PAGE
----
by Margaret Evans, Director of Lifespan Learning

The work of doing is just that: work. So, we often balk at the idea of added work in our lives. We complain about our busy schedules and tired feet and yet, ironically, we tend to lend ourselves to ‘busyness’ as a tool for distraction. It is easier to fill our time with tasks than to spend centred time collecting our thoughts to engage with our emotions on a deeper level.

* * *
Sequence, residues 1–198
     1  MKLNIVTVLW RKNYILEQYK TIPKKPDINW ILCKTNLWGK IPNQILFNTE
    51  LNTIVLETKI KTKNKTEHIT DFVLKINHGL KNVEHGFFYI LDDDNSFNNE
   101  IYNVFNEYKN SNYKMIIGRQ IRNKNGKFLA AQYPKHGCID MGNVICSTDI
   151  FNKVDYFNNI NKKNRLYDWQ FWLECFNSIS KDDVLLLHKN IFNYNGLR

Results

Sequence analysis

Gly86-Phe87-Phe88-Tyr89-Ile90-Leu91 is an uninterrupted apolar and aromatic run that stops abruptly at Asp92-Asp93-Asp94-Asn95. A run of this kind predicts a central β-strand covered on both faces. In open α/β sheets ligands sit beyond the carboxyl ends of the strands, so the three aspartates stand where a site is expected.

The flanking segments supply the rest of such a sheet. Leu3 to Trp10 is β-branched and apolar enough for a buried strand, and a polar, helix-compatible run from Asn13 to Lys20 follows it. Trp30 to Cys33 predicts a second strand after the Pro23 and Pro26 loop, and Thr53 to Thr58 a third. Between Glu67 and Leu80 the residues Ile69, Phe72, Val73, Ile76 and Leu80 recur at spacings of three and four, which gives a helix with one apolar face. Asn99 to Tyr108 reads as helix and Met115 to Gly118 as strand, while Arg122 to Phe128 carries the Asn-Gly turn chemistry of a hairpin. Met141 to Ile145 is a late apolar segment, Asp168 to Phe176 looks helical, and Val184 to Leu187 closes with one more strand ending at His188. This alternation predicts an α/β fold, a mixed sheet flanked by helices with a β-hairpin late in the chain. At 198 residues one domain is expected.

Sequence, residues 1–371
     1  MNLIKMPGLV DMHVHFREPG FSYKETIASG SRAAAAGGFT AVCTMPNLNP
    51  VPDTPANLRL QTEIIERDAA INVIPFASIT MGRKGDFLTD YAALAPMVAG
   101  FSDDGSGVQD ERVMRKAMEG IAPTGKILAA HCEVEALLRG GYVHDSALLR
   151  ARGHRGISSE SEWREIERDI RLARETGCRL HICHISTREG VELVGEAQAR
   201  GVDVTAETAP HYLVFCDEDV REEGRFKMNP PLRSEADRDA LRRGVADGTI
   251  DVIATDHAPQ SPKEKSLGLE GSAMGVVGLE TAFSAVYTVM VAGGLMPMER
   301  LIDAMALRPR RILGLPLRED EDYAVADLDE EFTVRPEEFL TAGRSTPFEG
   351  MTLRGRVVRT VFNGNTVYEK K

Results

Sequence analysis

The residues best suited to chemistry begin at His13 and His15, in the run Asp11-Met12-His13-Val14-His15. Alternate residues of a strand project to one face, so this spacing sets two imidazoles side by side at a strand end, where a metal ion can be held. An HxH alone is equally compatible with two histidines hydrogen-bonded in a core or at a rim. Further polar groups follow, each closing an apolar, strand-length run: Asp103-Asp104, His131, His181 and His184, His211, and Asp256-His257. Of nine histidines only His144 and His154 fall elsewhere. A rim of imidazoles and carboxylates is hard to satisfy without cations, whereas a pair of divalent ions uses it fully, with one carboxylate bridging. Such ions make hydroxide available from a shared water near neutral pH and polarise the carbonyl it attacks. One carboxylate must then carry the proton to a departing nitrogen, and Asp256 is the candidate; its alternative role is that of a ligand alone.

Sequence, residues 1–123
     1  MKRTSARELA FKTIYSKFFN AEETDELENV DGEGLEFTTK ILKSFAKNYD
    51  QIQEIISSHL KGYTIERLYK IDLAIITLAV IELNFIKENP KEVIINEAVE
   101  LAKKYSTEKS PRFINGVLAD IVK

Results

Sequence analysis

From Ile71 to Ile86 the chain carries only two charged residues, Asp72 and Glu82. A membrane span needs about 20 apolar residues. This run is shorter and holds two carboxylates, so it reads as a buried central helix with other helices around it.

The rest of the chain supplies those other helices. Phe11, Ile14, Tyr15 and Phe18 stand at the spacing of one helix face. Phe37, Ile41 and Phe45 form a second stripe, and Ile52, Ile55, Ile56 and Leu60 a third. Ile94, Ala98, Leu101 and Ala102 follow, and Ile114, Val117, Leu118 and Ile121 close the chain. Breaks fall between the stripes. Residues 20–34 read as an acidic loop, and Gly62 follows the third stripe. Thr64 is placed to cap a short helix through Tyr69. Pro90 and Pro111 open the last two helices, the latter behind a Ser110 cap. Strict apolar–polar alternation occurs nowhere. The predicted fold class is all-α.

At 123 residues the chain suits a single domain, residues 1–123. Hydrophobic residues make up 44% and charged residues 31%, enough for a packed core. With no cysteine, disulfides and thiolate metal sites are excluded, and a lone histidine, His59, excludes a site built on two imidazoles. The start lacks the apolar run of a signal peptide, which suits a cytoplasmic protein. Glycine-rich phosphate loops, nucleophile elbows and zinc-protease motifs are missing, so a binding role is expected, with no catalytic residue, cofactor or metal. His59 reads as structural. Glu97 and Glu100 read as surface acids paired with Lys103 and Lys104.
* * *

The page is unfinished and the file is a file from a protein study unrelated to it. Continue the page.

Teaching children about paradoxes of ‘doing’ is important. Create sacred space in your home with your children or other family members and ask your family to engage with why they choose to accomplish, ignore or procrastinate certain tasks. When we are in touch with why we do what we do, it may increase our productivity and lead to better outcomes by offering meaning to our actions.